1. Don't collect the Social Security Benefits.
2. If you're married, you'll only be garnished 50%
3. Think about it--this guy froze her out for 30 years...he wasn't ordered to jail for not paying alimony and she'll NEVER get the full amount of the unpaid alimony. He wins! His Plan B worked well for him.
4. Tennessee, Texas and Vermont is a state that won't garnish Social Security. Move there.
Alimony And Social Security Retirement Benefits
By David Roberts | Family Law Attorney
Posted on July 3, 2016
It is an all too common story. I represent a client who received an award of permanent periodic alimony following a long-term marriage of 30 years. The former husband was ordered to pay $1,200.00 per month in alimony to the former wife; payments were to be made through the State Disbursement Unit of Florida’s Department of Revenue. During this contentious divorce, the former husband informed the former wife in no uncertain terms that despite the court’s judgment, he would never pay her the alimony ordered and he was true to his word. The former wife took him back to court on numerous occasions until she ran out of money to pay her legal fees; eventually she gave up.
Flash forward twenty-five years. Now both parties are in their 70’s and both are receiving social security retirement benefits. In all the years that had gone by, the former husband never sought a modification of the alimony award . The alimony therefore continued to accrue until the former husband owed the former wife over $300,000.00 in back support and interest. At a time when the former wife should have been quietly enjoying her retirement years as the former husband was, instead her health had substantially deteriorated and she was struggling to make ends meet. She was very simply both emotionally and financially spent. What could the former wife do?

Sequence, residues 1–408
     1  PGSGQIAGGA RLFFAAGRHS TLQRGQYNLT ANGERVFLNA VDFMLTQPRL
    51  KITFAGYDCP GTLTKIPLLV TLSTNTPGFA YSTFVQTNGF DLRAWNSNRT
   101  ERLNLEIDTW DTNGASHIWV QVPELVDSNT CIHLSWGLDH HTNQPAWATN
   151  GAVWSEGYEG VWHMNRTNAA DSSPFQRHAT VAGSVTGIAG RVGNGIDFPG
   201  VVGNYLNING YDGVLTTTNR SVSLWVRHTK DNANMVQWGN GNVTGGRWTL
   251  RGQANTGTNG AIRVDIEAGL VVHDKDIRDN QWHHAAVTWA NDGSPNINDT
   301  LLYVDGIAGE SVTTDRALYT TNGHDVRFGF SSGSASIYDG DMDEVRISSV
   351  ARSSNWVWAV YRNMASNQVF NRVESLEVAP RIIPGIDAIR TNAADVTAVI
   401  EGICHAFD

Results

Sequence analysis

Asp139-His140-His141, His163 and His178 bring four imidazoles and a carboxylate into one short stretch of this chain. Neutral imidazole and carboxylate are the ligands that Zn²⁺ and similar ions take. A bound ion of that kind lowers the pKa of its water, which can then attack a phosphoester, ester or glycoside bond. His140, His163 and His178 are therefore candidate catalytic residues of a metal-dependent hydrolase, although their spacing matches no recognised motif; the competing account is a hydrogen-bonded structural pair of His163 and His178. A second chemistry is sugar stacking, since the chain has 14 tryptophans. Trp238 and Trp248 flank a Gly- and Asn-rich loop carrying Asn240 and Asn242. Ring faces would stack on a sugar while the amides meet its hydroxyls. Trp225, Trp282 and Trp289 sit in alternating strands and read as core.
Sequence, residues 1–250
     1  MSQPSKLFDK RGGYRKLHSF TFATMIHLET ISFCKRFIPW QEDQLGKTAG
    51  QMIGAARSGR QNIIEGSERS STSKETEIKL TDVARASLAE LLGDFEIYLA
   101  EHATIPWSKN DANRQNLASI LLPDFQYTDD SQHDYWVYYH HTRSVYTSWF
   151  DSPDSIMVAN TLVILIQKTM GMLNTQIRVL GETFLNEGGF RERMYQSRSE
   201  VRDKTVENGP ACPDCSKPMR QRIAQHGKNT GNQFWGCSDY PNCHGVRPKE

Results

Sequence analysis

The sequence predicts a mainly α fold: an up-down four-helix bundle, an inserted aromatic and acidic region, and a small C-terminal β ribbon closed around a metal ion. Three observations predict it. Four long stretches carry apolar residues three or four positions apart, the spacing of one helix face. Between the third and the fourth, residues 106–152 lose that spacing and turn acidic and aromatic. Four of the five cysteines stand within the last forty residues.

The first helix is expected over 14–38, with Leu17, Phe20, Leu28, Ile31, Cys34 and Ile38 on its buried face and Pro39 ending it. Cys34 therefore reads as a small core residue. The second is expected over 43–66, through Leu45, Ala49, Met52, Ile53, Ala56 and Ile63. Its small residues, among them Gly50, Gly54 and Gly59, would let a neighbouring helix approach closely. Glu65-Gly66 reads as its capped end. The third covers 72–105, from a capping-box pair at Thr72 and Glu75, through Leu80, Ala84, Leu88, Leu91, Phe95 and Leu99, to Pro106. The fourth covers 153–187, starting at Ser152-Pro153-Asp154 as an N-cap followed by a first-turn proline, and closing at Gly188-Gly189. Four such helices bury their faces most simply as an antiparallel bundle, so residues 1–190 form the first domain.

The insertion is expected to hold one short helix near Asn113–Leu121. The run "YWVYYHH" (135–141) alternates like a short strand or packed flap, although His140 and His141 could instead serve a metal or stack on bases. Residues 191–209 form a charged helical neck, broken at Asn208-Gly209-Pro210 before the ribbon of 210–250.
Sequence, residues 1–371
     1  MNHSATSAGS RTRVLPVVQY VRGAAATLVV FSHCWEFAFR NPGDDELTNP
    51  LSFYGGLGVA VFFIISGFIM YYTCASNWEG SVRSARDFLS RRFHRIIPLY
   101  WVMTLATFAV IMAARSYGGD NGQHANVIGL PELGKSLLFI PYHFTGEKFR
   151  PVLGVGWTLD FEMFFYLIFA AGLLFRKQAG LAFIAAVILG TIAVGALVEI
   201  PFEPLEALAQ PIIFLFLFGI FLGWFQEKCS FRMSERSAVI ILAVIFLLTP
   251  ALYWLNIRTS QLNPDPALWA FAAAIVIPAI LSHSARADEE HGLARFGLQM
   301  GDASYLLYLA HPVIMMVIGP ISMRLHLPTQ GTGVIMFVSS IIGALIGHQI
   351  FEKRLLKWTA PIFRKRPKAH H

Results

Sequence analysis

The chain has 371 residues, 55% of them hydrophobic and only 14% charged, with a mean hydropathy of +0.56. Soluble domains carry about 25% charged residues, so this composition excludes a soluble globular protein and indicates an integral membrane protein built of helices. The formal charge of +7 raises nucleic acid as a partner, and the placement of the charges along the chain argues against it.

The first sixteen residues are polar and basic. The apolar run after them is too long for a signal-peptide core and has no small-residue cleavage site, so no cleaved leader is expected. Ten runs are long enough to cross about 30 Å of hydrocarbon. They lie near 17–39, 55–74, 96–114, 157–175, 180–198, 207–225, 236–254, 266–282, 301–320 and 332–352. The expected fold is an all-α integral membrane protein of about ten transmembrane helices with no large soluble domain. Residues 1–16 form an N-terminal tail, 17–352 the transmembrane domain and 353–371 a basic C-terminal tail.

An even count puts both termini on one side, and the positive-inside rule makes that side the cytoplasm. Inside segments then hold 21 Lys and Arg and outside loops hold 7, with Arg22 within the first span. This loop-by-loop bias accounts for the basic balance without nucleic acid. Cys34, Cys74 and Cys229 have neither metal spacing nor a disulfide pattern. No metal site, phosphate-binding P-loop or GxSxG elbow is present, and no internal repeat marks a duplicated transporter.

In Florida, Section 61.14, Florida Statutes, sets forth a procedure for the enforcement of delinquent (alimony or child) support that the court has ordered a party to pay through the local depository of the Clerk of Court or through Florida’s State Disbursement Unit. Under the specific procedure set forth in §61.14(6)(a), unpaid support payments may be converted into a final money judgment by operation of law. Such a judgment is subject to execution in Florida like any other money judgment.
Much like the Internal Revenue Service, the Social Security Administration has a process for garnishing an individual’s social security retirement benefits where unpaid support has been reduced to a judgment . Section 459 of the Social Security Act (42 U.S.C. 659), provides for the garnishment of social security retirement benefits to enforce unpaid child support and alimony obligations. Such a garnishment is not without restriction; however, where an individual is not supporting a spouse or dependent child, up to 65% of his or her social security retirement benefits may be garnished by the Social Security Administration to pay an outstanding support judgment.
What did this mean to my client? Because the former husband was not a head of household and was not supporting a spouse or dependent child, and because the arrearage judgment was more than three months old, the Social Security Administration could (and properly did) garnish the former husband’s monthly retirement benefits in the amount of $1,000.00 per month which the SSA now pays directly to the former wife. If you have an outstanding judgment for unpaid alimony or child support and your former spouse is receiving social security retirement benefits, you may be eligible to garnish his or her social security.
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